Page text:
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fty-seventh, Capt. John Beard; all of General Lewis' brigade; the Eleventh, Col. W. J. Martin; the Twenty-sixth, Lieut.-Col. J. T. Adams; the Forty-fourth, Maj. C. M. Stedman; the Forty-seventh; the Fifty-second, Lieut.-Col. Eric Erson, of Gen. William MacRae's brigade; the Fifteenth, Col. W. H. Yarborough; the Twenty-seventh, Lieut.-Col. J. C. Webb; the Forty-sixth, Col. W. L. Saunders; the Forty-eighth, Col. S. H. Walkup; the Fifty-fifth, Capt. W. A. Whitted; all of Gen. J. R. Cooke's brigade and Hill's corps to meet it. The Federal corps, on establishing line, promptly intrenched. That afternoon Pegram led an attack on the new line and broke General Warren's front. That was afterward restored, and the success, in which Cooke's and MacRae's brigades shared, was without fruit, and resulted in Pegram's death. In the brilliant attack on Fort Stedman, Grimes' divi-sion and other North Carolina troops bore their full share of deadly battle. At Rives' salient, on the day of evacuati
ns suffered heavily in a hasty attack upon largely superior forces of the enemy, and he fell severely wounded. His gallantry was commended in the reports of Heth and Hill. But he was incapacitated from further active duty for nearly a year, General MacRae taking his place until August, 1864, when he was assigned to the command of the North Carolina brigade of Hoke's division, formerly commanded by General Martin. He served with Longstreet north of the James river, before Richmond, participatithe war has been one of activity and honor. He has served as State engineer thirteen years, and at present is chief engineer of the Albany & Raleigh railroad, with his residence at Goldsboro. Brigadier-General William MacRAEae Brigadier-General William MacRae was born at Wilmington, N. C., September 9, 1834, the son of Gen. Alexander MacRae, whose wife was the daughter of Zilpah McClammy. His family was descended from the clan MacRae, of Rosshire, Scotland, whose valor is recorded in the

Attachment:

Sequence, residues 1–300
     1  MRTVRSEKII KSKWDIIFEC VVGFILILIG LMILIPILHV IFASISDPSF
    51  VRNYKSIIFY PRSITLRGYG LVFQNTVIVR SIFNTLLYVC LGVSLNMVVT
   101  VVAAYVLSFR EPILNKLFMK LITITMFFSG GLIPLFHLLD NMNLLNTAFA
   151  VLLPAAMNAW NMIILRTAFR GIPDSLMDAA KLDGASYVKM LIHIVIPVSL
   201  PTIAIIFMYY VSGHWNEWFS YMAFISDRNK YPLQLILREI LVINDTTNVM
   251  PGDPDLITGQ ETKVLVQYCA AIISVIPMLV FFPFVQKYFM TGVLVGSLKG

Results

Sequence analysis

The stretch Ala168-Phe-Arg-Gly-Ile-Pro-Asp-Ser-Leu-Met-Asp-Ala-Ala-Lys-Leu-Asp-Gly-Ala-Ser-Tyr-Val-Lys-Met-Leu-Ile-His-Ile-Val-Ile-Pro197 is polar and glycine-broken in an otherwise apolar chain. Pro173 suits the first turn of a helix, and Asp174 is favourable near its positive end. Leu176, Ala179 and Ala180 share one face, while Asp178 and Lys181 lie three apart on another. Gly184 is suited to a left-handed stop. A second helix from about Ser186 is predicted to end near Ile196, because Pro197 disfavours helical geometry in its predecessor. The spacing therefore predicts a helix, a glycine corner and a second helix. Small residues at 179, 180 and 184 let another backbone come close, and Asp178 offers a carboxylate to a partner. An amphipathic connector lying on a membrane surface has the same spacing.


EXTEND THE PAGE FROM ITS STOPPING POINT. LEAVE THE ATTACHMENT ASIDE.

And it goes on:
Southern Historical Society Papers, Volume 25. (ed. Reverend J. William Jones), chapter 1.39 (search)
e regiment fell under the observation of Colonel Wm. MacRae, of the 15th North Carolina Regiment, anStoney Creek, and whilst on the march, Colonel William MacRae, of the 15th North Carolina regiment, nt at Ream's station, consisted of Cooke's and MacRae's brigades of Heth's divisions, Lane's, Scaleshe Confederate artillery, under cover of which MacRae's men advanced to the assault. James Forresnd of August, 1864, the regiment returned with MacRae's Brigade to its position on the line of entrergess' Mill, on the 27th of October, 1864, General MacRae was ordered to attack, with the understand assailed. The Federal commander, seeing that MacRae was not supported, closed in upon his flanks athe prize of victory already within his grasp, MacRae formed a portion of his command obliquely to hhich he failed to reinforce as instructed, General MacRae, causing a heavy loss to his brigade. Fgiment, had on several occasions attracted General MacRae's favorable attention and, at his request,[1 more...]
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